Mayor Adams praises new anti-gun unit, but admits NYPD has ‘Titanic’ task
Mayor Eric Adams said the unit made 31 gun arrests in six days: “This is what precision policing is about”
By Michael Gartland
New York Daily News
NEW YORK — Mayor Adams praised the NYPD’s new anti-gun unit on Monday for making 31 gun arrests in six days — while also addressing pressing civil liberties concerns by vowing to make officers’ body cam footage available to police watchdogs like the Legal Aid Society.
Adams, who announced the new Neighborhood Safety Unit launch last week, appeared beside several officers from their ranks to say that, aside from the 31 arrests, they and their colleagues had taken 10 illegal firearms off the street in less than a week.
“More than a gun a day was removed from our streets,” he said. “This is what precision policing is about. The failure of the past was we stopped anyone, searched anyone based on their ethnicity and based on the demographics or the zip code of where they may have lived. We’re not doing that. We’re not going to allow that to happen in our city. We’re not going to break the law to enforce the law.”
Despite reassurances, the new anti-gun unit has raised concerns among skeptics who worry it will mimic the mistakes created by its forebear, the Anti-Crime Unit, which was disbanded for its heavy-handed tactics, especially towards Black and brown people.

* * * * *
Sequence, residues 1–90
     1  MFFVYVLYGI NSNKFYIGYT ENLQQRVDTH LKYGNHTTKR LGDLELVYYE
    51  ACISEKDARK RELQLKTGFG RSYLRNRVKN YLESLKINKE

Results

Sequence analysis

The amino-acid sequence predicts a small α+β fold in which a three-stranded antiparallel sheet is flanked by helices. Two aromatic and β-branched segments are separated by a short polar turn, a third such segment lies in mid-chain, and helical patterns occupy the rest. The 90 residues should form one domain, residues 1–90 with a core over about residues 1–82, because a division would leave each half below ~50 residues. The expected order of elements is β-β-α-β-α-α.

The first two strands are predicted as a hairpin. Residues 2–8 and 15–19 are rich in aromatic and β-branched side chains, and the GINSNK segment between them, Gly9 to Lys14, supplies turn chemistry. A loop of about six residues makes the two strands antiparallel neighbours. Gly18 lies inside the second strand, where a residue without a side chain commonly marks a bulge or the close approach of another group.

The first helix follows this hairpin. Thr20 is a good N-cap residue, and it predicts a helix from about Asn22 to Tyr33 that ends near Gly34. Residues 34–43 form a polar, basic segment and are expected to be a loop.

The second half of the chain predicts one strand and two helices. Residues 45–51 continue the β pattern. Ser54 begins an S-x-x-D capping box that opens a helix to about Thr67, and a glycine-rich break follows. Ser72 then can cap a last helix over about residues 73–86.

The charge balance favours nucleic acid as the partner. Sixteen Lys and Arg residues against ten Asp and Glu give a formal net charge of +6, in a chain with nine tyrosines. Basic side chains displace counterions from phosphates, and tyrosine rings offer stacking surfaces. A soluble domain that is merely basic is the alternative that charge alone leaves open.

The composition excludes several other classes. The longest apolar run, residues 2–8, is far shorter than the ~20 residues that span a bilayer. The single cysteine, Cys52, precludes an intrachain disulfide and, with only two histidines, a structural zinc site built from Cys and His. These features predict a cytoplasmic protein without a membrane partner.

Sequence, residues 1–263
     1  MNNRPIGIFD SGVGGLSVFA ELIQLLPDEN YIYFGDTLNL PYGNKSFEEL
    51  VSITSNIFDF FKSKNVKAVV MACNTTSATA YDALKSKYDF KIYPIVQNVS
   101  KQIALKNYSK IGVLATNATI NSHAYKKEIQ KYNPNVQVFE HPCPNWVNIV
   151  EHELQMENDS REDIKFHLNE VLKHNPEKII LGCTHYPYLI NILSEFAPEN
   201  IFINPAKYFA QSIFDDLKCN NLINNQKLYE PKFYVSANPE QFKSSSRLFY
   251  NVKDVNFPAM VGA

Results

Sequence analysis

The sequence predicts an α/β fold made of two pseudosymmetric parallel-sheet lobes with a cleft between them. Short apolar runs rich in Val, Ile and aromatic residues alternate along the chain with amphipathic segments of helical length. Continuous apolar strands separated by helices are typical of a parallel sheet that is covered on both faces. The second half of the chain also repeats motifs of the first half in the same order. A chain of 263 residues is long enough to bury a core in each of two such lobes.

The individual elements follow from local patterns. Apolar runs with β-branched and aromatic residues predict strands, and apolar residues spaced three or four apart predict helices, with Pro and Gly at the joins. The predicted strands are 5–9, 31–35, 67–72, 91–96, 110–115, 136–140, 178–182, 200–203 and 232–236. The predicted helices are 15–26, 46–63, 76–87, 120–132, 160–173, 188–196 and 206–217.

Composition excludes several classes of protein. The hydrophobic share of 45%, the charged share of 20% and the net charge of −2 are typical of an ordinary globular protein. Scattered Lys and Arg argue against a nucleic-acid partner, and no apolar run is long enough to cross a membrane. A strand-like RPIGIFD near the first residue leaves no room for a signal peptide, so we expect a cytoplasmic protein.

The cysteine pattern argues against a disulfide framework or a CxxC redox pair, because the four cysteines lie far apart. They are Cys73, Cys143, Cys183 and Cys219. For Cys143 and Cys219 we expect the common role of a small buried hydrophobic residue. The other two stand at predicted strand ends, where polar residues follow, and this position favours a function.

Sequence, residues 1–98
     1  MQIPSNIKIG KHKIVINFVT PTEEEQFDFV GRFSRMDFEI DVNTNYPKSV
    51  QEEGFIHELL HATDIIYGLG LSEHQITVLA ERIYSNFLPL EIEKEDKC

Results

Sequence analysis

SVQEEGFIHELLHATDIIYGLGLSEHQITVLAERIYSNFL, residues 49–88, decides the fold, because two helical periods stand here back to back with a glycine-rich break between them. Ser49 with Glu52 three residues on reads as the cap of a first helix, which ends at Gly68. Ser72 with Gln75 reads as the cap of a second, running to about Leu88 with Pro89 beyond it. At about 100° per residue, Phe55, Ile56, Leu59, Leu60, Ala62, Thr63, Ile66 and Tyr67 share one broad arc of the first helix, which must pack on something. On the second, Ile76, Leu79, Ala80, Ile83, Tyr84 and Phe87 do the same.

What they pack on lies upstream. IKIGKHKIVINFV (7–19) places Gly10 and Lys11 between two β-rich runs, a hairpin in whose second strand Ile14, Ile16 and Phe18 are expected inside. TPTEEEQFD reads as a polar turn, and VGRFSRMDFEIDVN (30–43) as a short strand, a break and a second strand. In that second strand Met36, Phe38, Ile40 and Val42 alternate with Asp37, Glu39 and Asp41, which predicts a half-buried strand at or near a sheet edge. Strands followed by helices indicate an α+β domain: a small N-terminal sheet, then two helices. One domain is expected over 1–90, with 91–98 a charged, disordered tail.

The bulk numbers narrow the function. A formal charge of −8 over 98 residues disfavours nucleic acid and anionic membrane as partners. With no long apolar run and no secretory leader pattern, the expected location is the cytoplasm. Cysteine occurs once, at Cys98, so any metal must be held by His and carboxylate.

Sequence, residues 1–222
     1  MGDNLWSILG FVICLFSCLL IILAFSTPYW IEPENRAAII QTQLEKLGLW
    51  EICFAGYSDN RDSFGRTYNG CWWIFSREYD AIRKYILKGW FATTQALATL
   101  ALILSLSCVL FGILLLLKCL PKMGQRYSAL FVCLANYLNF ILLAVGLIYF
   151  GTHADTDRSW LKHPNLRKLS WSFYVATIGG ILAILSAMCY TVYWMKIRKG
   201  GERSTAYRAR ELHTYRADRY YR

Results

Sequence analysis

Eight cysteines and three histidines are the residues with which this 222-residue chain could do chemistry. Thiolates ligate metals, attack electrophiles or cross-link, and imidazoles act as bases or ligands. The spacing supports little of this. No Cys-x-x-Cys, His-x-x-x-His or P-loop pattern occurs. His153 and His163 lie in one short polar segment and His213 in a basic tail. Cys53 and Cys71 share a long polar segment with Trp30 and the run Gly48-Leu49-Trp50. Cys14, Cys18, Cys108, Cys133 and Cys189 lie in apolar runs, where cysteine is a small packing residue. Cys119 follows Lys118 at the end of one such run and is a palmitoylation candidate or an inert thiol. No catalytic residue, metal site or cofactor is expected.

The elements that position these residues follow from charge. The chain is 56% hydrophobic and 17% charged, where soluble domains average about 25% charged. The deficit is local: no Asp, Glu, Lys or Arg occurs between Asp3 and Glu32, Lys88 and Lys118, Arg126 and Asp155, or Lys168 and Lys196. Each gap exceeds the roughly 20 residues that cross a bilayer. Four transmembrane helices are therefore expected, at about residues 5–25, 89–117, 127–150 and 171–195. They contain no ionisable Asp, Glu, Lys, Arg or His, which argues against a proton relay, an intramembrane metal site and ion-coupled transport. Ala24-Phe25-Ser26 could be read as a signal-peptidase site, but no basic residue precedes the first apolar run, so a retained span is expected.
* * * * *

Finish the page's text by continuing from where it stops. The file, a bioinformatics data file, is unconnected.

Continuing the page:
A former NYPD captain, Adams pointed to his record as a police reformer as proof he will not allow the newly constituted unit to run roughshod over New Yorkers’ civil liberties.
“Why would I spend 30-something years fighting for proper policing and then allow it to erode away?” he said. “All I ask of Legal Aid is to come join us, sit inside, analyze the video, when we do our arrests, be a part of this evolution — because they have a role also.”
Corey Stoughton, who heads the Legal Aid Society’s special litigation unit, welcomed Adams’ invitation to observe body-worn footage from officers, but appeared skeptical of the offer, given what she described as Adams’ failure to offer more insight into how the new anti-gun unit was constituted.
“I thought it was great,” she said of his invite. “If he’s inviting us to view videos of arrests by the new Neighborhood Safety teams, then we accept that invitation.”
Still, while Stoughton’s praise for Adams’ was genuine, she also questioned how the unit has been rolled out, noting that it is still unclear to her how officers were selected and who was selected.
“We want to see him back up his promises with action,” she said.
Adams did not directly address some of the concerns she raised, but he suggested that removing guns from the street in a way that also protects civil liberties will take some time.
“Crime is a Titanic. Crime is an ocean liner. You have to start changing the mindset on the streets. You have to start understanding that what we were doing in the past is not what is going to happen now. And that is what we’re doing,” he said. “The worst thing we could do is to rush something of this sensitivity and not get it right.”
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